Archaeology of South Asia

P. Jeffrey Brantingham

Archaeology of South Asia

Anthropology department

P. Jeffrey Brantingham

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Overall 4.8
Easiness of class 2.6
Workload 2.8
Not Clear
Clarity of professor 5.0
Not Helpful
Helpfulness of professor 4.4


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Quarter Taken: N/A Submitted Jan. 12, 2011 Grade Received: N/A

This review is for Anthropology 116P Archaeology of Prehistoric China. I really enjoyed this class. Archaeology in china is interesting because there is so much to it. Professor Brantingham is an enthusiastic speaking and great presenter.He also is happy to help his students at any time. His class is based on a midterm and a final with an optional paper. The class is only hard if you do not study. Like all Archaeology classes you have to memorize dates, names, etc... If you study hard enough though you can get a good grade, it really was not that difficult. The names are in Chinese and are a bit challenging to memorize but it is nothing to complain about. I recommend this class to anyone who has an interest in Archaeology in general. You will be presented with fascinating new ideas about the evolution of culture in China.

Quarter Taken: N/A Submitted Dec. 9, 2010 Grade Received: N/A

This class is the last Archaeology class I'll ever have to take to fulfill my Major requirements & I had hoped that it would be slightly interesting, but I also had a feeling I'd be using the internet to waste time too. Archaeology of Prehistoric China was incredibly dull. The material is dull. There is nothing exciting about this class & it's not that I dislike Archaeology, it's that China & some of its neighbors aren't nearly as interesting as the cave paintings in France.

P. Brantingham reminds me of an aged Ted Mosby from How I Met Your Mother as his enthusiasm for Prehistoric China is equivalent to Ted's enthusiasm for Architecture. However, this course's materials were incredibly dry. The readings worked better than a shot of Nyquil & all of the site names got incredibly confusing after a while. I don't mean to be racist against the Chinese as I'm Asian myself, but Longshan, Yangzi, Yangshao, Dawenkou, Rhenzidong, Bashidong, Mao Zedong, Dapengkeng, Majabang, Hemudu seriously start to sound like "chingchongdong", "chongchongdingdong", & likewise.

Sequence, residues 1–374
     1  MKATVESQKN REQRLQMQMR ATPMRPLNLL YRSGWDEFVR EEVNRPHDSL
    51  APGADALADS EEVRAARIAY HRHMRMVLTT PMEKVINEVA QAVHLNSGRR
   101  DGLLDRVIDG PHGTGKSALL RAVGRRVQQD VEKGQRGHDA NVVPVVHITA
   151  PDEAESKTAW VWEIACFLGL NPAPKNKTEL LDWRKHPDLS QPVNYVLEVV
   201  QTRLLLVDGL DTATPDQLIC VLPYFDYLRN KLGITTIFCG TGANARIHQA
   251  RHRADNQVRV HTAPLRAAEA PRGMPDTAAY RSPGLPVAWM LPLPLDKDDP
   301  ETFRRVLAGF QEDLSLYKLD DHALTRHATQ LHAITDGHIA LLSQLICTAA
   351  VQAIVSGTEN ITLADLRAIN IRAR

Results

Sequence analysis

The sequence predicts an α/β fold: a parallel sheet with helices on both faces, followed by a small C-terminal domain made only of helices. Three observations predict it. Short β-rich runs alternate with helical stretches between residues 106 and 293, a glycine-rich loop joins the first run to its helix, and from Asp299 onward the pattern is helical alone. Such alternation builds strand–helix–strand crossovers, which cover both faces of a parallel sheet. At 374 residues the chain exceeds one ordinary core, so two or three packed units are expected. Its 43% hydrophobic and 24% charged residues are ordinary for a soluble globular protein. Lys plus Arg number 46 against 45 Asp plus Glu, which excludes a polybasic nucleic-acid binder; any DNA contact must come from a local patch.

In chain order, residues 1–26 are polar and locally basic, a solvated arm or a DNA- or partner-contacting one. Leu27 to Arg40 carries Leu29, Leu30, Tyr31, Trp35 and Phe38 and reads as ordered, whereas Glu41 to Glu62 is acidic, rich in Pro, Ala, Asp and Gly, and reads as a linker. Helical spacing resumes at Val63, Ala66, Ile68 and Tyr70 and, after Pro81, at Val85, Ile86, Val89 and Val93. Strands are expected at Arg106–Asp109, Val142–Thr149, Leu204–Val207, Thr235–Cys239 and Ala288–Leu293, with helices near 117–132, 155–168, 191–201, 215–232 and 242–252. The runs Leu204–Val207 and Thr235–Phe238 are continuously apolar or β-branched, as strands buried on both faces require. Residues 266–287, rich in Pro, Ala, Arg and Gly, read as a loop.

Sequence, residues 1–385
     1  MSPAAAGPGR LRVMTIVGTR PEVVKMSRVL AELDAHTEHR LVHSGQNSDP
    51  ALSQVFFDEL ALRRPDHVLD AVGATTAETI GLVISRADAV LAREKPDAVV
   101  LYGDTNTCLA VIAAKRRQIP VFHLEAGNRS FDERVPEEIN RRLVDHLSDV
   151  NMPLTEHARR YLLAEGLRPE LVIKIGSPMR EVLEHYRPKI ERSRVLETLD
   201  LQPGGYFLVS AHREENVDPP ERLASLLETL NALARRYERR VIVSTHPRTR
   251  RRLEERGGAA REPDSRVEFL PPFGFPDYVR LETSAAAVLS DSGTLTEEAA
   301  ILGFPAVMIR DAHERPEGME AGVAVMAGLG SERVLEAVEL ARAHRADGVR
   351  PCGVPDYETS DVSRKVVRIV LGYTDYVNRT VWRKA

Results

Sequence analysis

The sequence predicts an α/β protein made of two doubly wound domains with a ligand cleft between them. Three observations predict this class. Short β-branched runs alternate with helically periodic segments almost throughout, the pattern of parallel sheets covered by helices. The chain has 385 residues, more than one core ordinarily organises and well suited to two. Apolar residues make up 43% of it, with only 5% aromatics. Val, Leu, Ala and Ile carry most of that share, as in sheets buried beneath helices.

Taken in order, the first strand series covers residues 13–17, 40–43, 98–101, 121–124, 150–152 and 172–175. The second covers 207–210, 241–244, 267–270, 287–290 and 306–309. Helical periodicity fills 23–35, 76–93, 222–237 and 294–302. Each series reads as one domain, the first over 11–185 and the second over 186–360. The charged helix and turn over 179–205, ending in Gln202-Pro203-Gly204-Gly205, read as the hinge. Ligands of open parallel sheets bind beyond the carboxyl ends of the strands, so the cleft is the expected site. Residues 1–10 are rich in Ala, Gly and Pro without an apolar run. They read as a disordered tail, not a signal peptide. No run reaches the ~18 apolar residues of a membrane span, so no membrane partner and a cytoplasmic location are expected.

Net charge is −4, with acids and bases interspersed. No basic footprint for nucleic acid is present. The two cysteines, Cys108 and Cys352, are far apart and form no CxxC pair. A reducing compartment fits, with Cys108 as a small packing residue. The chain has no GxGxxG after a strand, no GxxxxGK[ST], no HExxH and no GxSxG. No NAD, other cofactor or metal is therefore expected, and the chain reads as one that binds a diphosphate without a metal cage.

He changes the spelling of the main river that runs through China called Yangzi. One slide he'll call it Yanzte & another he'll call it Yangzi. Since I am unfamiliar with any dialect of Chinese, for some time, I didn't know if there was a difference between the two or if they were the same & he was just messin' with us. He also left out the "g" in Dapengkeng for the first 5 or so slides which also threw me off a bit.

If you plan on taking this class, here are my tips:
-Dates & sites. Make flashcards, whatever, study the dates, sites, & what was found there. Memorize it.
-The term "big picture" is such a load of dung. He specifically asks you what were found at certain sites.
-Record his lectures. He doesn't have podcasts & his powerpoints may outline everything, but they lack great detail. There will be pictures of up Einstein or Trinity from The Matrix in his slides & if you didn't attend lecture, you'll be scratching your head on the relevance.
-Pay attention in class so you can ask questions.
-Skip the readings & save yourself some time. His midterm asked 1 question from the reading & he already discussed the answer in class. The final had 0 questions on the reading.
-Do the optional paper if you fail the midterm. His exams are so detailed.
-Memorize the location of the sites on a map.
-Pottery is more than symbolic, you'll need to pay close attention to them.

Two grades split 50%-%50%. Midterm grade & final grade. He doesn't curve the class at all so every point counts. This class's high points were the discoveries of H. erectus in the caves & the discussion of modern human origins. The low points were pretty much everything else. Sure I learned some interesting things about China, the evolution of Homo, monsoons, & how cultivation of rice was only possible in the Holocene, but this isn't a class I'd recommend.